The barcode has become an integral part of our daily lives, with its presence in supermarkets, airports, and warehouses. It is hard to imagine how we would have kept track of inventory, prices, and other important data without it. In this article, we will take a look at the history of the barcode, its impact on modern society, and its future prospects.
History of the Barcode
Barcodes were invented by Norman Joseph Woodland and Bernard Silver in 1949. However, it wasn’t until April 3rd 1973 that the UPC (Universal Product Code) barcode was adopted as a standard for use in retail stores in the United States, and the first barcode was scanned on June 26th 1974 in a Marsh store in Troy, Ohio. The UPC barcode is a series of vertical lines of varying thicknesses and spaces that represent a numerical code, which can be scanned by a barcode reader to identify a product or item. The information is stored only across the barcode (hence 1D barcodes), to make it easy to print, and the height of the barcode just makes it easier for laser scanners to find the lines.
Since its introduction, the barcode has gone through various iterations and advancements, including the 2D barcode and the QR code. The 2D barcode can store more information than the traditional barcode and is often used in shipping and logistics. 2D barcodes store data in their height and width and require imagers (cameras) to scan (hence the slow death of the laser barcode scanner). The QR code is a type of 2D barcode that can be scanned using a smartphone camera and has become popular for advertising and marketing purposes.
Impact on Modern Society
The barcode has had a significant impact on modern society, particularly in the areas of retail and logistics. It has made it easier and more efficient to keep track of inventory, prices, and sales data, which has led to better supply chain management and reduced costs. Additionally, it has made it easier for consumers to find and purchase products and has facilitated the growth of online shopping and self-scanning.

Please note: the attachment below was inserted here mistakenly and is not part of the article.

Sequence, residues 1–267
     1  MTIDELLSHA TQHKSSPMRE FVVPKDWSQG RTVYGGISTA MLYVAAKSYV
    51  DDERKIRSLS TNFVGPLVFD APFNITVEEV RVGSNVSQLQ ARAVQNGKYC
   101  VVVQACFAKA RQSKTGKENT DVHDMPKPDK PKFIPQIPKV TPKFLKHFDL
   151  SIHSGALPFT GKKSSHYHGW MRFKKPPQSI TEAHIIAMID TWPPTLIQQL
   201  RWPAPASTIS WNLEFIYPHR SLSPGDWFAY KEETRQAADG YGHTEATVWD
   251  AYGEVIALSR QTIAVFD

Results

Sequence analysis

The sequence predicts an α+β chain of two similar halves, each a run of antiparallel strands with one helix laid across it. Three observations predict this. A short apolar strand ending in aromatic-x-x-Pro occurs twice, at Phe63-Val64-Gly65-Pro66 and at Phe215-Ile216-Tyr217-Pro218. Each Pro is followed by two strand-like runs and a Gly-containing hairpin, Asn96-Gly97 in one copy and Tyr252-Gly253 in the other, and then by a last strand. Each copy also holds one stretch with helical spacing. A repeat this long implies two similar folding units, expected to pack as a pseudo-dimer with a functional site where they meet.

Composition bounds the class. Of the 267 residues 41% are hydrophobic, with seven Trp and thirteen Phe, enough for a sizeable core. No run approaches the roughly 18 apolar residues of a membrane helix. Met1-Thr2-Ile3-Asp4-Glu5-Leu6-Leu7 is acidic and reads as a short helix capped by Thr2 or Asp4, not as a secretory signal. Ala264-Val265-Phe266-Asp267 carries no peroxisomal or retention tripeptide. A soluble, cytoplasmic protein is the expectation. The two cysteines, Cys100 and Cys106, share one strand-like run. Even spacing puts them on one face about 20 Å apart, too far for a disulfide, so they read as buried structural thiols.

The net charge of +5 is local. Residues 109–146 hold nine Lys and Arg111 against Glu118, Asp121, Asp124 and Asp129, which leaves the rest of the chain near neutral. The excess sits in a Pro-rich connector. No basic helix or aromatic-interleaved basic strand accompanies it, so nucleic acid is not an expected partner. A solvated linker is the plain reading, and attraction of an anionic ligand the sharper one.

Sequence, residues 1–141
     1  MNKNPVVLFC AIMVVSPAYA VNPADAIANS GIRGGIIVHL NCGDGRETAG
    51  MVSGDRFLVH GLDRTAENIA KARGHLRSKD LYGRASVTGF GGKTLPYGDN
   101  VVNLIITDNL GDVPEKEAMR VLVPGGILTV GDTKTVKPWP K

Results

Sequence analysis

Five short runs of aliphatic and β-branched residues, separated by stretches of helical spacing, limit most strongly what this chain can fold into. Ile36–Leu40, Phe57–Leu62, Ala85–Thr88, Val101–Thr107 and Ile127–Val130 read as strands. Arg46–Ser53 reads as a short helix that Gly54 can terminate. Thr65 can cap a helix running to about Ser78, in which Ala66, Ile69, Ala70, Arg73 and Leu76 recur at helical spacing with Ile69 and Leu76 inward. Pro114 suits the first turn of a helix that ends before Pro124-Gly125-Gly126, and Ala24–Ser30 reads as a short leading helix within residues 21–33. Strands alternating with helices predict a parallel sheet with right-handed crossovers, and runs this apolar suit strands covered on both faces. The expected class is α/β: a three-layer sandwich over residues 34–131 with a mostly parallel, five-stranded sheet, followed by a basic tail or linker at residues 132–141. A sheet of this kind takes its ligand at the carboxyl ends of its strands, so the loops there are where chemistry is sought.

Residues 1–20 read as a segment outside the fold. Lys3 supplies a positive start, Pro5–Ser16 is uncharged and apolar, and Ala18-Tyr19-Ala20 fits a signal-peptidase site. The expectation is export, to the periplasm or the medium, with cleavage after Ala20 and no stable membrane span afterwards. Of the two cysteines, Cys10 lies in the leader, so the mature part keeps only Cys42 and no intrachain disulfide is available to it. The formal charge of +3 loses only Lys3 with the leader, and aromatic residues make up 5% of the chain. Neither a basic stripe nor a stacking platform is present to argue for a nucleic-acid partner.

The barcode has also had an impact on other areas of society, such as healthcare. Barcodes are often used to identify patients, medications, and medical equipment, which can help reduce errors and improve patient safety. They are also used in libraries to track books and other materials, and in manufacturing to track the production process.
Barcodes are increasingly being used to make a digital link between objects and information. A QR code on a restaurant table leads to a menu and online ordering system, or on a product pack, to an online video showing the product benefits. Soon the GS1 standard for retail marking will grow to include 2D codes with the GS1 Sunrise 2027 initiative.
While the barcode has been around for 50 years, it is still a vital part of our daily lives. However, advancements in technology are leading to new barcode alternatives, such as RFID (Radio-Frequency Identification) and NFC (Near Field Communication). These technologies allow data transfer without requiring line-of-sight between reader and tag but at an added cost and sometimes lack of feedback to the operators.
However, it is unlikely that the barcode will be replaced anytime soon. It is a well-established and widely recognized technology, and it will take time for new technologies to become as widely accepted and adopted. Additionally, the barcode is an incredibly cost-effective and efficient solution for many applications, and it will continue to be used in conjunction with new technologies, including smartphones, robots and drones, for the foreseeable future.
In conclusion, the barcode has had a significant impact on modern society since its introduction 50 years ago. It has made it easier and more efficient to track inventory, prices, and sales data, and has facilitated the growth of Omnichannel retailing. While advancements in technology are leading to new barcode alternatives, it is unlikely that the barcode will be replaced anytime soon. It will continue to be a vital part of our daily lives for many years to come.
Fun Facts About Barcodes
- Barcodes in their modern form were invented by Woodland and Silva and patented in 1952 as: CLASSIFYING APPARATUS AND METHOD. J, WOODLAND ET AL 2,612,994
- Over 10 years before supermarkets, the US rail industry was the first to adopt the technology. The first barcodes were used to mark railway freight cars and were scanned by fixed trackside scanners. See this KarTrak video.
- The first barcode scanners were made by the Spectra Physics organization and the Model A scanner weighed 112 lbs. (50 kg!), had 8 PCBs and cost $12,500 (in 1974!).
- The Kraay family make the world’s largest barcodes by cutting a QR code out of the crops on their family field in Canada
- Barcodes in Space. Barcode labels have made it into space. Perhaps that’s why Star Trek films like to have a lot of barcode scanners on the bridge of the Enterprise?